James McMurtry – Childish Things

The buzz surrounding James McMurtry’s latest record, “Childish Things,” is all about one track: the seven minute long epic protest song “We Can’t Make It Here.”  It’s a great song, no doubt, one that’s prodded political bloggers tochildishthings write music reviews, sparked music reviewers to write up comparisons to more mainstream “patriotic” fare and has even been called “the best protest song since Bob Dylan’s Masters of War” by no less a cultural icon than Stephen King.

The fact that he has never really been a political songwriter probably contributes to all the fuss.  If Steve Earle had written “Can’t Make It Here,” it may have passed without much notice, but McMurtry has built a reputation for writing thoughtful lyrics that focus on plain old humans and human issues.  True to form, “Can’t Make It Here” catalogues the current political atmosphere’s human toll in true McMurtry fashion.

But all the hubris and hand wringing overlooks the fact that “Childish Things,” on the whole, is James McMurtry at the top of his game.

The album kicks off with “See The Elephant,” a song that captures the spirit of child-like wonder and comes pretty close to being a hooky pop song with the piano, fiddle, and muted brass arrangement.

The title cut recalls John Prine and displays some deft writing, both musically and lyrically.  He scores big with the albums two covers as well.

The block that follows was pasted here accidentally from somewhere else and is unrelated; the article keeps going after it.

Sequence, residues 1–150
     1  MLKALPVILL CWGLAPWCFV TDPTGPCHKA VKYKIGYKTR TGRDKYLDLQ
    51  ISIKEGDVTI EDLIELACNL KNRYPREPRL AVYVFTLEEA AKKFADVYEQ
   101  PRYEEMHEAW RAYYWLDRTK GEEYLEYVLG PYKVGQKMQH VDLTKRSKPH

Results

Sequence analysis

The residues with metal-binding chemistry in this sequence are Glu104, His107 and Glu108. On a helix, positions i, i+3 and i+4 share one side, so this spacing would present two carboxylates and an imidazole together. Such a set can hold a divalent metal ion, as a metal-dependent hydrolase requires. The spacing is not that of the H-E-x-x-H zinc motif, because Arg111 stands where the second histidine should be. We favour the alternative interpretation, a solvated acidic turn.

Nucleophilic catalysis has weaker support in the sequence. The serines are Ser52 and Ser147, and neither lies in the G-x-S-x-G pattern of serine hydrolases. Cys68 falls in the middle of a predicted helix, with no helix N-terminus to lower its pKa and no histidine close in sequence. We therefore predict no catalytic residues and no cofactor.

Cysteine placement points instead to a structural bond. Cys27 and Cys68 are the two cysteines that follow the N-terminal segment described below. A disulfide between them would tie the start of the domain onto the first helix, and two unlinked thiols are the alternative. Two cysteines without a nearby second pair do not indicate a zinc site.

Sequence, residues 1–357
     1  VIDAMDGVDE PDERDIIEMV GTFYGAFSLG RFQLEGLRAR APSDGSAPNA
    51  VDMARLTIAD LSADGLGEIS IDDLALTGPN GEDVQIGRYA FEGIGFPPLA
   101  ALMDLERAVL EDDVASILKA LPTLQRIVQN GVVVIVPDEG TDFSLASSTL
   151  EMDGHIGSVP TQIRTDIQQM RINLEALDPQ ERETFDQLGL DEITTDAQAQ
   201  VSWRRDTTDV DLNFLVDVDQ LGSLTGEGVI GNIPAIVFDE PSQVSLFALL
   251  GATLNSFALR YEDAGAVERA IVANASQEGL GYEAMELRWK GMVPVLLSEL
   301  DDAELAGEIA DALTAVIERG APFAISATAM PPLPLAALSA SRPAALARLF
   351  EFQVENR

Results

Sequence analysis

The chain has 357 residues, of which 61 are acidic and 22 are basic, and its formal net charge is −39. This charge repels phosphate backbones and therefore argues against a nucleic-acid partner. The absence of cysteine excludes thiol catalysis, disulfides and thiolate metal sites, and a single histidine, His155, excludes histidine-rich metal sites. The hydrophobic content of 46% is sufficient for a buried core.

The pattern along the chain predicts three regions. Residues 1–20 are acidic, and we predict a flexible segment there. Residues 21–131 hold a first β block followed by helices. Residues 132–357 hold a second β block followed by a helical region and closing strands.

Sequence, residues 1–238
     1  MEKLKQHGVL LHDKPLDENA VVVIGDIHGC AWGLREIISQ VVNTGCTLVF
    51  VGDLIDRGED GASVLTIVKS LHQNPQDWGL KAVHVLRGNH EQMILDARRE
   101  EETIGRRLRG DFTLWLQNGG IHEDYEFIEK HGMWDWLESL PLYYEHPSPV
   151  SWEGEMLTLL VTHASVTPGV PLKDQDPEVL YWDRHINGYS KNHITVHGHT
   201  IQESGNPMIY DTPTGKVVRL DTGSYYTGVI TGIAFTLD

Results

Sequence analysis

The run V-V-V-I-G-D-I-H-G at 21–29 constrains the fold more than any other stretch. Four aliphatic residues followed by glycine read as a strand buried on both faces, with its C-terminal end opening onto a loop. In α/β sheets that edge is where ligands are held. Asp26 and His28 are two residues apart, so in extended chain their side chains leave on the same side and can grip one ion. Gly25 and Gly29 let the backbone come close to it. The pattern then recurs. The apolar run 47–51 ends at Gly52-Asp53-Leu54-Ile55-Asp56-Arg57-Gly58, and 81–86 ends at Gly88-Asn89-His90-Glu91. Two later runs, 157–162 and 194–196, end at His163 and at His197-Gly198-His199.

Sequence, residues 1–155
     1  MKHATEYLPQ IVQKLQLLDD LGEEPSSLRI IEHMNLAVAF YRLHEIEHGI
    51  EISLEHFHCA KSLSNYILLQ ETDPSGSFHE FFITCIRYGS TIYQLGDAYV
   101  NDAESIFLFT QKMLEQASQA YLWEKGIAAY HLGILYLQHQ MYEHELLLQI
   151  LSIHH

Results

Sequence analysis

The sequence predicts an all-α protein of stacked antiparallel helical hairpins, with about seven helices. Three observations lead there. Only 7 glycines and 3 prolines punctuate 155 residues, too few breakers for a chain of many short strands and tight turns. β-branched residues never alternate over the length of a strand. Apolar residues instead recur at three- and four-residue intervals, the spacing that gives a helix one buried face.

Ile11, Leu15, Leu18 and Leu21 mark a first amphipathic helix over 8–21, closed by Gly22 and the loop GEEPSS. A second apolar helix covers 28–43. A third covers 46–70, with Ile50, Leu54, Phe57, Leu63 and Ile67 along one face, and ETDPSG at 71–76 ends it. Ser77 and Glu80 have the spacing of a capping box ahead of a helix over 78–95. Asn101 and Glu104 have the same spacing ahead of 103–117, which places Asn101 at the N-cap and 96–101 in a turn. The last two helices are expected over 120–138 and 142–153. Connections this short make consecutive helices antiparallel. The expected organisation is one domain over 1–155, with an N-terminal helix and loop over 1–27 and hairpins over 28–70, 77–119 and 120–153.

For those who find his voice too droning, the duet with Joe Ely provides some nice contrast on an upbeat, rollicking version of the old bluegrass standard “Slewfoot.”  And aside from “Can’t Make It Here,” the album’s other real highlight is a pull-out-the-stops, rocking send-up of Peter Case’s “The Old Part of Town”.  He takes the bouncy, acoustic tune and cranks up the beat, adds some tough guitar licks, and the result is as good as anything on his previous studio release, “Saint Mary of the Woods.”

Other songs of note are “Memorial Day,” “Six Year Drought,” and the excellent closer, “Holiday,” which features my favorite succinct line from the album: “ . . . some hat’s on the radio, singing his song . . .”

Subtle and derisive, without being too snarky, he reduces the current state of pop country music to its essence: some hat on the radio.

McMurtry is no hat act.  He takes the stage in a rumpled t-shirt and well worn jeans and plays with a snarling intensity that keeps the audience hanging on the words.

His touring band, The Heartless Bastards, are a basic three piece, with Ronnie Johnson on bass and Darren Hess on drums; on “Childish Things,” they fill in the gaps with an array of instrumentation without ever distracting from the real feature, the songs themselves.

Like a lot of great singer-songwriters, James McMurtry’s monochromatic voice has always been an acquired taste.  Think Lou Reed or Warren Zevon without the vocal range.  Admittedly some of his earlier work could be pretty monotonous and lyrically clumsy, but, with recent fare, he’s displayed keener melodic sensibility and his guitar work is noticeably improved.

His best previous record, "St. Mary’s of the Woods," is a pretty tough act to follow.  If he hasn’t equaled it with “Childish Things, then he’s come pretty damn close.  At the same time, he’s added his name to the distinguished roster of pop music dissidents with style.

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